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Tuesday, December 10, 2019

Spalding basketball lawsuit an example of class-action abuse, tort reform group says

By Nancy Crist | Jul 12, 2016

Law money 12

NEW YORK (Legal Newsline) — A class action lawsuit alleging the Spalding Neverflat basketball does not perform as advertised is cited by a national civil justice reform organization as an example of the abuse it is fighting to change.

Jaish Markos of Dutchess County filed a suit in U.S. District Court for the Southern District of New York against Russell Brands LLC, maker of the Spalding Neverflat basketball. The complaint alleges the company made false claims about its product in marketing and labeling that claimed the basketball will stay inflated for 12 months. 

Markos claims his Neverflat basketball did not stay inflated for the guaranteed amount of time.

The American Tort Reform Association (ATRA) believes many class action suits are concocted by aggressive lawyers who target specific industries with deep pockets.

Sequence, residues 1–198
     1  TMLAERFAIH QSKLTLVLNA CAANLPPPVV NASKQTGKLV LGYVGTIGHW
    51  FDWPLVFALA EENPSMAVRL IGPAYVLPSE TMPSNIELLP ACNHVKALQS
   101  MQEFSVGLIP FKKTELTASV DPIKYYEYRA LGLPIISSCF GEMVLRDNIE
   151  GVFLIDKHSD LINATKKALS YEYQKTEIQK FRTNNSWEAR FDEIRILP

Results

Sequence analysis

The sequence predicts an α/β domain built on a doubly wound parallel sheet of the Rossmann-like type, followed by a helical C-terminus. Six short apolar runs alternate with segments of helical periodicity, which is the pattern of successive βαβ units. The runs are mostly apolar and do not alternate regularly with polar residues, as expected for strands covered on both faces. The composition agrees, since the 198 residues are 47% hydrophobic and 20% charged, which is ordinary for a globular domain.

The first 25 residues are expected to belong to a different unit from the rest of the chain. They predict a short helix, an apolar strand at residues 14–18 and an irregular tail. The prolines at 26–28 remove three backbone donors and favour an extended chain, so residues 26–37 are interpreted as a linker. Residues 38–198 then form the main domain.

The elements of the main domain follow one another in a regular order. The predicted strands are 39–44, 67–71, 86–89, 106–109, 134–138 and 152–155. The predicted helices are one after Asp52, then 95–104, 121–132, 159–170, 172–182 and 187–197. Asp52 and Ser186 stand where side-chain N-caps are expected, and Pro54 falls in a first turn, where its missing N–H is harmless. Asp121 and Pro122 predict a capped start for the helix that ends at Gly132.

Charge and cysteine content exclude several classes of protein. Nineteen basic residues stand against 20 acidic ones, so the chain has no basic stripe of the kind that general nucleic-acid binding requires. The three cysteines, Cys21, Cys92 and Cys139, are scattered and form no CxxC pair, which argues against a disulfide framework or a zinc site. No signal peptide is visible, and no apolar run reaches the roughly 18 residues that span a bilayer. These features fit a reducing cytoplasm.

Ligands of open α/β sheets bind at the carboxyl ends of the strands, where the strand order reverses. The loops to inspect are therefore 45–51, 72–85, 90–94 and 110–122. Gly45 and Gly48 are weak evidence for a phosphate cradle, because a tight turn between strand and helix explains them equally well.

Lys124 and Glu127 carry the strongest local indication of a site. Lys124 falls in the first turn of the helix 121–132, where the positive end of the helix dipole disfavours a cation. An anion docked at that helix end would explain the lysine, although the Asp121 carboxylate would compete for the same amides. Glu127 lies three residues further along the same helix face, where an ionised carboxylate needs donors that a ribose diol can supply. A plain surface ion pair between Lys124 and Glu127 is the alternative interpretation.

“That’s how you get a class action suit against Subway alleging its foot-long sandwich isn’t quite (12 inches),” Darren McKinney, ATRA spokesman, told Legal Newsline.

There are many judges in America “all too willing” to hear class action cases like the Subway lawsuit rather than dismiss them, McKinney said.

“There are some no-nonsense judges who will grant summary judgment for defendants in such meritless lawsuits, but they tend to be in the minority,” McKinney said. “But many judges come from the ranks of plaintiff attorneys, and they never met a lawsuit they didn’t like.”

McKinney believes today's consumer protection laws invite so-called "no-injury" class actions.

“It’s a rare judge that will say ‘get it out of here’ when an unfounded lawsuit comes to their courtroom," he claims.

Once a class action suit is filed, a judge must rule that the class is certifiable in order for the case to proceed as a class action. Most defendants will settle out of court, with no admission of guilt, because the settlement costs less than a trial.

“Sellers of goods and services pass on all litigation costs to their customers, so these so-called consumer protection lawsuits really end up hurting most consumers while trial lawyers get rich,” McKinney said.



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Organizations in this Story

Legal News LineAmerican Tort Reform AssociationU.S. District Court for the Southern District of New York New York Division